10. Struggle to Affirm Reality: Coming to terms with the loss and finding a new sense of normalcy.

Now, anyone who has gone through this, knows the pain, and would not wish it upon any of their friends. And yet, for some reason, Jesus says to mourn…is to be blessed. How can that be?

How is Mourning a Blessing?

First of all, he is bringing consolation to those who are in suffering. In other words, he is speaking to those who are already in this state and he intends to bring comfort to them. The reality is, he knows that the life of a Christian is going to be difficult. The first century Christians underwent severe persecution, and so he is preparing them for that. And we’ll get more to the comfort the gospel provides.

But secondly, I think he is doing more than merely providing consolation to the suffering. He is not just saying, if you’re mourning there is comfort for you. This would merely be the equivalent of saying, “everything is going to be ok.” He is going further and says that there is blessing in the mourning itself. In other words, against common sense, mourning is a good, blessed, condition to be in. We naturally want nothing to do with mourning. Whether it is the loss of someone we love, or the loss of anything near and dear to us (health, job, dreams, favorite possessions, etc.). We want to hold onto all the good things we have in life forever.

But what is the reality? Life is sweet and bitter. And the reality is that the things sweetest to us will cause the most bitterness when we lose them. Not if we lose them, when. And so why is it blessed to mourn? Jesus is bringing us into reality. To live, if you live long enough, is to mourn.

If I could broaden out the intended meaning of mourning here, it is grieving over the fact that things are not the way they ought to be. There is pain, there is loss, their is brokenness, there is death in this life. And we would be living against reality, we’d be in denial, if we ignored the brokenness.

Probably the book of the bible that brings the clearest reality check is the book of Ecclesiastes. And what it says corresponds to what Jesus says here.

“A good name is better than precious ointment, and the day of death than the day of birth. 2 It is better to go to the house of mourning than to go to the house of feasting, for this is the end of all mankind, and the living will lay it to heart. 3 Sorrow is better than laughter, for by sadness of face the heart is made glad. 4 The heart of the wise is in the house of mourning, but the heart of fools is in the house of mirth. 5 It is better for a man to hear the rebuke of the wise than to hear the song of fools. 6 For as the crackling of thorns under a pot, so is the laughter of the fools; this also is vanity.”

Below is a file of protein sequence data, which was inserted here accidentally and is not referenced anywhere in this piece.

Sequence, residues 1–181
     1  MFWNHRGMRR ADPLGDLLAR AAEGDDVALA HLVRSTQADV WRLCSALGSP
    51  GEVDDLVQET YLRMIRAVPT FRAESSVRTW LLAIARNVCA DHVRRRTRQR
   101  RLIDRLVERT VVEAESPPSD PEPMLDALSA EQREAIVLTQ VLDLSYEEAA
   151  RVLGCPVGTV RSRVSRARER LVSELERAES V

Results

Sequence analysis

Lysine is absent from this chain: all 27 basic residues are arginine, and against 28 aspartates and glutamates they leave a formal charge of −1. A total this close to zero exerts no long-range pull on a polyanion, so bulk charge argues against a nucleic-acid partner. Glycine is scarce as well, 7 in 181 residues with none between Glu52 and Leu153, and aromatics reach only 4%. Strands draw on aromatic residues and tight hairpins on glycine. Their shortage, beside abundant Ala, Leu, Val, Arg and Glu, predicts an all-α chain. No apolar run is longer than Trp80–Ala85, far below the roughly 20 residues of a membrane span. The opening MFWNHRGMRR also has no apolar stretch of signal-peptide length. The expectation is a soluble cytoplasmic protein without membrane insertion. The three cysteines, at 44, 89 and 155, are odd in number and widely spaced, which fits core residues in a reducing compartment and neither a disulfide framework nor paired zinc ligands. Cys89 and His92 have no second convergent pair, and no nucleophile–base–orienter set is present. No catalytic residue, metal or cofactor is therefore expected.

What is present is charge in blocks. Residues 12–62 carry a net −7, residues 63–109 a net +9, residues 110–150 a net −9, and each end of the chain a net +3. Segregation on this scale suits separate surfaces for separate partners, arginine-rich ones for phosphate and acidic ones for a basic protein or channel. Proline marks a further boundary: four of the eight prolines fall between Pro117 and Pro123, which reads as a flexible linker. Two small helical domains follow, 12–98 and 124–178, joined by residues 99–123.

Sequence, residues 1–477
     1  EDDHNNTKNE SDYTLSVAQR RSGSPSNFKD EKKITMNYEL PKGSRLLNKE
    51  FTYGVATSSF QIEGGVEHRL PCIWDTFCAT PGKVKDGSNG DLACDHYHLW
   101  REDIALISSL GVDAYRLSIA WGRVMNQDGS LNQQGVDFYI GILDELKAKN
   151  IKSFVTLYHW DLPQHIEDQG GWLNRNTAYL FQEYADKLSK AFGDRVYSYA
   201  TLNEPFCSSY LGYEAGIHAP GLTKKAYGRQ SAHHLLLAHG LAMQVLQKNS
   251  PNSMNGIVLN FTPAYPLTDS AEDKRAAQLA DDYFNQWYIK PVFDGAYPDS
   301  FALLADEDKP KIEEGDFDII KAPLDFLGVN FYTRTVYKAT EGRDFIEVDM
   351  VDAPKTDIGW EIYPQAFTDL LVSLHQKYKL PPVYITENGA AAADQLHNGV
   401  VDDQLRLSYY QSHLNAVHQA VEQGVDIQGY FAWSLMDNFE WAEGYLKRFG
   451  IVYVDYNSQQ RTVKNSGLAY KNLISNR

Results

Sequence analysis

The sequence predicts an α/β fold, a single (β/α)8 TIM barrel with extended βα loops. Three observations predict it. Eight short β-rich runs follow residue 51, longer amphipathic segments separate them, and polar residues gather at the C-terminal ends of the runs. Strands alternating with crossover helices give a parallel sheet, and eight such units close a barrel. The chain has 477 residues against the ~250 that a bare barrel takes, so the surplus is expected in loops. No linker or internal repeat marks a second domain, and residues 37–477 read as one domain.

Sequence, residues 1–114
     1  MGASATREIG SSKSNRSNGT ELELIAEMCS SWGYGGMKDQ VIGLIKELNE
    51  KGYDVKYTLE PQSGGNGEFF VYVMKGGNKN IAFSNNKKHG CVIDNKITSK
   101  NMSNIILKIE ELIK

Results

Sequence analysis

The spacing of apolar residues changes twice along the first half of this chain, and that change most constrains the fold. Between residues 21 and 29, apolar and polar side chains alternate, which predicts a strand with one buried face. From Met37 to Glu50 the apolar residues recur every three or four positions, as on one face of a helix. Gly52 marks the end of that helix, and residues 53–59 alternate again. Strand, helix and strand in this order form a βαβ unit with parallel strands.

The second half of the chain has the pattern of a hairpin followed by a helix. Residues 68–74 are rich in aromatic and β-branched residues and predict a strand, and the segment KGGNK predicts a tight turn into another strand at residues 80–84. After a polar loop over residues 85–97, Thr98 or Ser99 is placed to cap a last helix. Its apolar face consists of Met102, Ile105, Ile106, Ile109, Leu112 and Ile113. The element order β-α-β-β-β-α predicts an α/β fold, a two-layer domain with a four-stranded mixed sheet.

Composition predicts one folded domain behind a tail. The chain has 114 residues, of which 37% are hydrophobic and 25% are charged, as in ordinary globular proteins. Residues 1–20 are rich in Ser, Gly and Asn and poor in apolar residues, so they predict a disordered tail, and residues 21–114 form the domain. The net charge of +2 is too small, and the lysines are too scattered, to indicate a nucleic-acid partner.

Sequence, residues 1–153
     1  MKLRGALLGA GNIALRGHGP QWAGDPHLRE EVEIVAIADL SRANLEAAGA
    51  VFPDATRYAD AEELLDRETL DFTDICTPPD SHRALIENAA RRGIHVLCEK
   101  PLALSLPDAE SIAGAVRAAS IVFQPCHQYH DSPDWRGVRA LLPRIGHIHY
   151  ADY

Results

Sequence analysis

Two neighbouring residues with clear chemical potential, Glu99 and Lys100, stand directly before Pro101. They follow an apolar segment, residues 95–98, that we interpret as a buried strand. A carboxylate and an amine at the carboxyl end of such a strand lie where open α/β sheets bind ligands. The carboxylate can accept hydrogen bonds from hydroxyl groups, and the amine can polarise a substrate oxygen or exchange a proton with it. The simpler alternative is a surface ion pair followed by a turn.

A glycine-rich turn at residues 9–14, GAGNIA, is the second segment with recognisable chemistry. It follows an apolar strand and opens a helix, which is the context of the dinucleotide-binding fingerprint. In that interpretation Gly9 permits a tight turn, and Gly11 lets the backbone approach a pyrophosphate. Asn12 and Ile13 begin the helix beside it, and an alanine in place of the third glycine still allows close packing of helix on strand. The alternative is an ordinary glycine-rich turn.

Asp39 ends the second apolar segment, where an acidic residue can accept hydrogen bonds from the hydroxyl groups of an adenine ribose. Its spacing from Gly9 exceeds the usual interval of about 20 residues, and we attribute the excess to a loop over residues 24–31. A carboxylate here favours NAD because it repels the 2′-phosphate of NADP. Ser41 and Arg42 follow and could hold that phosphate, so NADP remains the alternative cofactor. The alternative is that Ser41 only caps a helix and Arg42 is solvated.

Ecclesiastes 7:1–6

Basically, this is saying that the day of death has more meaning than the day of birth because there is more wisdom found in mourning than in feasting and laughing. Laughter can help someone cope with the pain. But the bible is saying that only by fully experiencing sorrow and sadness will the heart be made glad.

So the gospel begins with the bitter reality that this world is broken, and everyone is going to die. And it belongs to blessing to accept this reality; things are not the way they are supposed to be. As Romans 8 puts it, “…the whole creation is groaning together in the pains of childbirth until now.” (Romans 8:22) Such is the bitterness and pain of life and all creation: There are natural disasters, there is environmental degradation and pollution, poverty, wars, diseases, mental health issues, broken relationships, addiction, corruption, human trafficking, famine, systemic injustice, just to name some broad categories. And one hundred percent of the time, everyone’s life ends in death. Such is the bitter reality of life: it always ends.

And so why is it blessed to mourn? Because the day of death brings us to sobriety. We can often get drunk on this world. We get drunk on worldly ambition and fleshly desires. There is so much to see, and do, and conquer, that we forget…how short life is, it’s just a vapor, and then we die.

John Piper has written a book, and the title speaks volumes, Don’t Waste Your Life. Sadly, too many waste their lives because they live without having serious considered death. What is the meaning of life, if everyone you love is going to die, and so are you?